What the fuck was this nonsense?
As the usher checked my ticket for Serenity (2019), she laughed and said, “good luck.” Not exactly words of encouragement after you’ve spent $20 on admission and popcorn. Recently I’ve cut back on getting popcorn at the movies for health and financial reasons, but I indulged this time after being bored to tears during my recent screening of At Eternity’s Gate (2018). By the way, you can check out that review here. Long story short, I was so bored during that movie that I wished I had bought some popcorn just so I’d have something to pass the time. Learning from my past mistake, I bought a small popcorn and I have to say…thank God I did.
A mind-bending thriller, Serenity takes place on Plymouth Island where fisherman Baker Dill, played by Matthew McConaughey, spends his days taking tourists fishing on his boat, and drinking. When his ex-wife Karen, played by Anne Hathaway, suddenly appears, she requests that he take her abusive new husband out on his boat and throw him to the sharks. Yes, it’s absolutely as bonkers as it sounds. The movie then spends an hour and a half on Dill wrestling with the decision to act on murder to save his ex-wife and son, or continue his days of fishing and drinking.
You guys: I. COULD. NOT. WITH. THIS. MOVIE.
Look, I really like Anne Hathaway, and I’m more or less indifferent to Matthew McConaughey. I acknowledge that they’re skilled, Oscar-winning actors. However, even their combined star-power wasn’t enough to save this garbage fire of a movie. It may sound harsh, but the number of this movie’s redeeming qualities was truly zero to none. There is so much that works against Serenity that I hardly know where to begin. The biggest problem by far is that it fails to recognize how ridiculously convoluted and at times, stupid, it is. Written and directed by Steven Knight, Serenity often feels like it’s trying too hard, attempting to emulate great thrillers with twist endings like Psycho (1960) and The Sixth Sense (1999). If anything, Serenity is an unintentional parody of those movies. Believing itself to be sleek, sexy, and mysterious, Knight’s film delivers a final product that is nothing of the sort, and instead, mind-numbingly annoying. To its credit, Serenity does begin with a tense and interesting premise, but then squanders it with an abundance of over the top and cheesy performances that make it hard to take the movie seriously. We’ll talk about it, but here’s a little tease: Dill almost slits a tourist’s throat over a fish. A FISH.
Featuring an all-star cast that includes Diane Lane, Djimon Hounsou, and Jason Clarke, I genuinely felt bad for every actor involved in this movie. Not only are they trapped in a story with a nonsensical and eyeroll-worthy plot, but no one outside of the two leads gets anything worthwhile to say or do, and if they are given screentime, they’re given poorly-written and nauseating dialogue. The dialogue in Serenity is atrocious. At one point Dill laments to the owner of the tackle shop about how he’s running low on supplies and says without any irony, totally deadpan: “I’m a hooker who can’t afford hooks.”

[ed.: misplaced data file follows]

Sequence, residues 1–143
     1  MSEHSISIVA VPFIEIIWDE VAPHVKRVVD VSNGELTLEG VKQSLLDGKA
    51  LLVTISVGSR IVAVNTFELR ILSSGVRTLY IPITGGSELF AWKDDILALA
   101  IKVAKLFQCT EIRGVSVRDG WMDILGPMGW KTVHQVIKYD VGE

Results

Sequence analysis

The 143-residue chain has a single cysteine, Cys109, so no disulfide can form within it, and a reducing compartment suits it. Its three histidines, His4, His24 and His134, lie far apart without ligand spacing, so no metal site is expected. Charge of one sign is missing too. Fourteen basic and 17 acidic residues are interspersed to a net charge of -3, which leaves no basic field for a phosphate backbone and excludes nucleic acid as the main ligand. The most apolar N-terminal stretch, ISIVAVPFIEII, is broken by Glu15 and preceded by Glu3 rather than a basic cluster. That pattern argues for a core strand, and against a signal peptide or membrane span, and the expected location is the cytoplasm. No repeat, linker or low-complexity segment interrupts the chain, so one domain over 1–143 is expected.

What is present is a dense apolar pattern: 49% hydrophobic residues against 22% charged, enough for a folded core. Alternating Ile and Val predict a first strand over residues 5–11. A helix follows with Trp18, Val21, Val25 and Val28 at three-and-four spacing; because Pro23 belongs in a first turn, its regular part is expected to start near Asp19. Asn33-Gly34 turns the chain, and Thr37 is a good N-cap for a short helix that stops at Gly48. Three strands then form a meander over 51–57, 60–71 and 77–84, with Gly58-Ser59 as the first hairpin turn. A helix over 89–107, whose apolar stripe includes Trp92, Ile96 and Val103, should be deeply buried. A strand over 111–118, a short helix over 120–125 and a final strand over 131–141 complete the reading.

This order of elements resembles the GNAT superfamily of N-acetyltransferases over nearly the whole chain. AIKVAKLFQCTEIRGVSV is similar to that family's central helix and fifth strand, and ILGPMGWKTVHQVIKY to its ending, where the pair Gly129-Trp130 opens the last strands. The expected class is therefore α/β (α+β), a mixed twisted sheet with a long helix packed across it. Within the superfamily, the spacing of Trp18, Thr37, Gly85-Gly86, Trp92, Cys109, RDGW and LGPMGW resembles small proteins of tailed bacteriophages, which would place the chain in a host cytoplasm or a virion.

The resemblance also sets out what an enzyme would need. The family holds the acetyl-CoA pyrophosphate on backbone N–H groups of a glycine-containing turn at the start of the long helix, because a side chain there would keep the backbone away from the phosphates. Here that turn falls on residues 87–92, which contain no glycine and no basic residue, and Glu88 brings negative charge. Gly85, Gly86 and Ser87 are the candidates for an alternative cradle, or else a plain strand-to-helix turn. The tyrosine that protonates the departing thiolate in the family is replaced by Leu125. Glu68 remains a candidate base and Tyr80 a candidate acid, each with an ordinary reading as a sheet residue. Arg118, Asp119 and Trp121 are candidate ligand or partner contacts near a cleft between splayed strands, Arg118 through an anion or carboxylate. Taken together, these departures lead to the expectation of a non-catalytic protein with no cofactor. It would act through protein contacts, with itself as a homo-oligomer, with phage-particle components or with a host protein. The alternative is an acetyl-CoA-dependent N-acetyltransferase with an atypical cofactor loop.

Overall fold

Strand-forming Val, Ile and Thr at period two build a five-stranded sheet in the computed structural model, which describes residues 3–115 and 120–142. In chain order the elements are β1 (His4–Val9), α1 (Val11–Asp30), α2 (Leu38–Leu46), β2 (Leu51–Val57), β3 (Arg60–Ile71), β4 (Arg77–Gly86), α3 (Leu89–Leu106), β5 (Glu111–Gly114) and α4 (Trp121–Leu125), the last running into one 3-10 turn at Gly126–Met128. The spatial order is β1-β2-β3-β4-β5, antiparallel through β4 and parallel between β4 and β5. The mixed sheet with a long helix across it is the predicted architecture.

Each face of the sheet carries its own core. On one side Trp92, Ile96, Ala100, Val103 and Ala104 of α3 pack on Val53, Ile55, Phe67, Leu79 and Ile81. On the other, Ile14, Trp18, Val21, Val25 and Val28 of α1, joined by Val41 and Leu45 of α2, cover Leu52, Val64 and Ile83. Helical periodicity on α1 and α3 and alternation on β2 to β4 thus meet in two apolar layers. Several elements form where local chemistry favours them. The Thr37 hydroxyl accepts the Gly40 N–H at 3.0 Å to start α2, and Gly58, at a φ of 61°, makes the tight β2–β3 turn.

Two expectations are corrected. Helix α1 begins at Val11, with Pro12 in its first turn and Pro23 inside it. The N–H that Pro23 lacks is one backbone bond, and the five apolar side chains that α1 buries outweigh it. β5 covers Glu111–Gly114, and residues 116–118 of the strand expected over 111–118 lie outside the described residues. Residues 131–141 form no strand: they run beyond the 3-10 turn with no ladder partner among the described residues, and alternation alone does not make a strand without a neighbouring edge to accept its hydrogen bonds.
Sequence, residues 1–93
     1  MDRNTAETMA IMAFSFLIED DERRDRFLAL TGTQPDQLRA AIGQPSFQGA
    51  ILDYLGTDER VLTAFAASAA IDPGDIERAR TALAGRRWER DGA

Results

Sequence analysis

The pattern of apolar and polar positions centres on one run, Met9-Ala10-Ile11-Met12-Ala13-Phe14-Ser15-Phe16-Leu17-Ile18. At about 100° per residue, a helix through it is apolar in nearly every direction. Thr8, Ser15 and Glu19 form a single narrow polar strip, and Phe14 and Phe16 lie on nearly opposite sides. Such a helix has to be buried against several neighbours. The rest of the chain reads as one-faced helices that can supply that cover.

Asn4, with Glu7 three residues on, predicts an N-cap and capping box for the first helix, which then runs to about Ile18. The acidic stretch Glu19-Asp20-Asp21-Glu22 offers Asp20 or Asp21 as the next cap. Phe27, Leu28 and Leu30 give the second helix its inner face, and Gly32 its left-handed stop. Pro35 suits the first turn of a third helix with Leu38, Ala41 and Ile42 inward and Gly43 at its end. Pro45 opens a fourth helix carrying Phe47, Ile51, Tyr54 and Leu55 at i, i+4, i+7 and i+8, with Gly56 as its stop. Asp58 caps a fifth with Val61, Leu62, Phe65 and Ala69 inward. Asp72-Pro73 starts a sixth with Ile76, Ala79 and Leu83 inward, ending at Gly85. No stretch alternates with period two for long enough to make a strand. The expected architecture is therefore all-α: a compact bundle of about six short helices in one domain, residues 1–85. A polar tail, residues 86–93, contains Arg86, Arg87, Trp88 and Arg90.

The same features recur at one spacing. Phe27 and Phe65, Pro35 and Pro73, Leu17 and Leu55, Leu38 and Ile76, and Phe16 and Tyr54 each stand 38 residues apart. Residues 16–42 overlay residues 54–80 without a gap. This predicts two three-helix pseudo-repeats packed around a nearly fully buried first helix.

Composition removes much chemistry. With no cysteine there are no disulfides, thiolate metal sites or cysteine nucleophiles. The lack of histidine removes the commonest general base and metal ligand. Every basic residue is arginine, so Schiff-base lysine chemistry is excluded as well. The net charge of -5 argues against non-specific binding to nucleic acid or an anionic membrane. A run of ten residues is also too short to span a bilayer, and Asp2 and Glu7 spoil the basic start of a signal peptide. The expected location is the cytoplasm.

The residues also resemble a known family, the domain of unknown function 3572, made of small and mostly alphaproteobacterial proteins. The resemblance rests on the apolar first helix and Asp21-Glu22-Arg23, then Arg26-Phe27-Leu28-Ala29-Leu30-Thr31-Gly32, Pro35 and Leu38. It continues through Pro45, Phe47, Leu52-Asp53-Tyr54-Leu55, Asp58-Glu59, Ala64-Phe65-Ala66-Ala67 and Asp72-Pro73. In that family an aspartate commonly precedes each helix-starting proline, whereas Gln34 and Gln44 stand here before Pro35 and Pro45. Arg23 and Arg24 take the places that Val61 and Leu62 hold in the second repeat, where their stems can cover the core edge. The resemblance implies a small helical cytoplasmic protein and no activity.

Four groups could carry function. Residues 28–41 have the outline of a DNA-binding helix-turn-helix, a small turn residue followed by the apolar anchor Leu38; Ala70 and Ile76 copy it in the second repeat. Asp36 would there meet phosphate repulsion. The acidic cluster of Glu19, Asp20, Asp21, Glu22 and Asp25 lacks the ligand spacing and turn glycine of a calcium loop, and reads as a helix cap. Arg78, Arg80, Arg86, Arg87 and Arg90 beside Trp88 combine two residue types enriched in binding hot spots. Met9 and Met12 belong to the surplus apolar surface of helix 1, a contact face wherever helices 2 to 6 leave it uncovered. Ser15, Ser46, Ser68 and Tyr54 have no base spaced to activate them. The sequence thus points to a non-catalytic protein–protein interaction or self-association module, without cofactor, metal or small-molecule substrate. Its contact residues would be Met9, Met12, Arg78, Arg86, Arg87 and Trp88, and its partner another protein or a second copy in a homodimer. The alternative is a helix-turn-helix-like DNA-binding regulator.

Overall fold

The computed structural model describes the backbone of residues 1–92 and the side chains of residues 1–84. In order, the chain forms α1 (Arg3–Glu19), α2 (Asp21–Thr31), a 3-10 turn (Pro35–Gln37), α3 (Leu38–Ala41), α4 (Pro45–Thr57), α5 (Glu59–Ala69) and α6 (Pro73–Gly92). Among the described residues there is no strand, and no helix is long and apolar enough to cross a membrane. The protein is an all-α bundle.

I feel like this is a good segue to talk about McConaughey and Hathaway. What the hell was going on with them? They had no idea the type of movie they were in. Both approach their roles in an overly-serious manner, and it’s almost as if they’re acting like people who have never acted before. It’s like they’re in a comedy and they’re playing people who have to pretend to be actors and have no idea how, so they just amp every emotion they’re asked to convey up to an 11. Again, they’re just trying so hard to convince you this is a super serious thriller, when it’s really just an extended episode of Deadliest Catch (2005 – present).
Surprisingly, there is one adequate performance in Serenity, and it comes courtesy of Jason Clarke, who plays Karen’s wealthy new husband, Frank. A stereotypical villain riddled with clichés, what makes Frank an entertaining antagonist is that he’s one you love to hate. I’d even go as far as admit that I experienced genuine thrills when Baker complemented throwing Frank overboard a mere hour after meeting him. Frank’s deplorable presence helps move the slow pacing along, and thankfully anchors the constant craziness in some semblance of a narrative. Clarke is so deliciously cruel that he only strengthens my theory that Serenity should have been a straightforward neo-noir thriller, instead of devolving into a tonally-confused cringe-fest with a lacklustre twist.
So, the twist. Admittedly, you don’t really see it coming. The movie lays the groundwork for the big reveal and partially succeeds in generating some intrigue as to what’s going on. However, once the twist is finally revealed, it’s all downhill from there. Your jaw will drop after realizing just how nonsensical it is, and wish for something, anything, more interesting or thrilling. I appreciate that Knight has crafted an original story, something that’s becoming increasingly rare these days, but if Serenity is the outcome of said original ideas, I’m fine with waiting a few years for Knight’s next one.
Serenity is undoubtedly the first terrible movie of 2019 and honestly, makes a strong case to claim the title of “worst movie of the year.” There will be stiff competition though. We still have Sonic the Hedgehog (2019) and Dora the Explorer (2019) to get through. Yes, unfortunately those are both really happening. Confusing, boring, and almost laughable, you can 100 per cent give this movie a skip. Unless you’re a fan of Matthew McConaughey’s ass. I swear to God, this movie devoted more runtime to McConaughey’s ass then it did to Diane Lane. She’s an Academy Award nominee for God’s sake! Unbelievable.
Will you give Serenity a chance? What are your favourite movie twists?
Let me know in the comments or on social media!